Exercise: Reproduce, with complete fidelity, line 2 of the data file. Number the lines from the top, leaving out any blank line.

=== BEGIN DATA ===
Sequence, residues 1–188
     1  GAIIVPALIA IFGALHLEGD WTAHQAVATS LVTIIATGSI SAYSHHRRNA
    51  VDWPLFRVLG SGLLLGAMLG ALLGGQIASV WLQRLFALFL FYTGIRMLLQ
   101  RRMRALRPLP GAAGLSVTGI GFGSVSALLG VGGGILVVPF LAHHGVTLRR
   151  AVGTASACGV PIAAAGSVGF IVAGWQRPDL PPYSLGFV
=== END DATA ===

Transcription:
     1  GAIIVPALIA IFGALHLEGD WTAHQAVATS LVTIIATGSI SAYSHHRRNA